- 74% of customers believe that personalized promotions would encourage them to buy products they never have before
- 42% improvement in conversions with a personalized call to action
- 6% higher average sales order value for enterprises that use personalization across channels
- Only 28% of decision makers are investing in personalization, even though the majority have seen improved online sales over the past 12 months
What are the challenges?
Despite the proven upside of personalizing customer engagements, enterprises are still struggling with implementation. Common problems include:
- Companies don’t have a single view of the customer across digital touchpoints, and there would be significant upfront costs in making that happen.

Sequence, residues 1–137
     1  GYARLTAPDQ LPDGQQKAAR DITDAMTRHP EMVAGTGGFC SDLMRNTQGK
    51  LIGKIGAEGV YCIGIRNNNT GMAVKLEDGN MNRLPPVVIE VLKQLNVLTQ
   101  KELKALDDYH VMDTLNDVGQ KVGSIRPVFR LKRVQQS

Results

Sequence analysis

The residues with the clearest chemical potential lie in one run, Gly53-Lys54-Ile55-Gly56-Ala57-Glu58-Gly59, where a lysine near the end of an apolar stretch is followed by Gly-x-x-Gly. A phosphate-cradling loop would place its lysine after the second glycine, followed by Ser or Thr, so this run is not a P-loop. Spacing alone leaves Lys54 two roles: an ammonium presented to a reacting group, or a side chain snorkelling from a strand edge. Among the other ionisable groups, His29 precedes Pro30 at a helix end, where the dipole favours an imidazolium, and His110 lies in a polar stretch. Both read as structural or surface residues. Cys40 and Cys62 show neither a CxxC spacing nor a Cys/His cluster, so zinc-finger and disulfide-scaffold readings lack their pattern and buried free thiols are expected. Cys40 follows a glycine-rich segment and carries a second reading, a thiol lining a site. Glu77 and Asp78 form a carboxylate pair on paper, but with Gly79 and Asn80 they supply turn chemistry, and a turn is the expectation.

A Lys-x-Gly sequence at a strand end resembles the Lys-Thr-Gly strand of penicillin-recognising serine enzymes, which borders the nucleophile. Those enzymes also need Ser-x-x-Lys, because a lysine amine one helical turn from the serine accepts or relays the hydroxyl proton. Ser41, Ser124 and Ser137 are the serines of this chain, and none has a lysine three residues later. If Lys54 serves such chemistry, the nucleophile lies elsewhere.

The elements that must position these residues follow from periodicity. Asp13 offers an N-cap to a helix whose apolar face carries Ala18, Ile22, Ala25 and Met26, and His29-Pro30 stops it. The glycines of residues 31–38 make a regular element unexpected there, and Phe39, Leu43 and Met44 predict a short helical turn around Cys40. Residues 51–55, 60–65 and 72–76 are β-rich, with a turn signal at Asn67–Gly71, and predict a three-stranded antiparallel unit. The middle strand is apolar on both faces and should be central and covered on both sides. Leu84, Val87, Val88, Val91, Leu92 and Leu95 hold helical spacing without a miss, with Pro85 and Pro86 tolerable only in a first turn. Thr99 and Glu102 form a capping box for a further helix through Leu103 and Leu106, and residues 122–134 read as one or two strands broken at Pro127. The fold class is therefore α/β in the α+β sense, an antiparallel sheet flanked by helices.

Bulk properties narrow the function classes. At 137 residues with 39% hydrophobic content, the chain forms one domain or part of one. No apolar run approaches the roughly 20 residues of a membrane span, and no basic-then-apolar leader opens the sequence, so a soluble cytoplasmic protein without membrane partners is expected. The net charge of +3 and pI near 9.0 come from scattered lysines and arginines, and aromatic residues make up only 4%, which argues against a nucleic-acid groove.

- Conventional personalization approaches have failed to deliver genuine relevance to customers due to a lack of insight and perceived content creation burdens.
- Businesses lack the expertise to structure and deliver an end-to-end personalization program across multiple tools, technologies, channels and devices.
These real challenges must be addressed, and they can be mitigated and solved for over time as the personalization journey matures. I recommend starting simple by leveraging existing investments, such as an existing DMP and web content management system (WCMS), then build from there. By taking an iterative and learning-based approach to personalization and related content, data and technology needs, savvy digital marketers can prove value and justify an expanded, accelerated target-state strategy.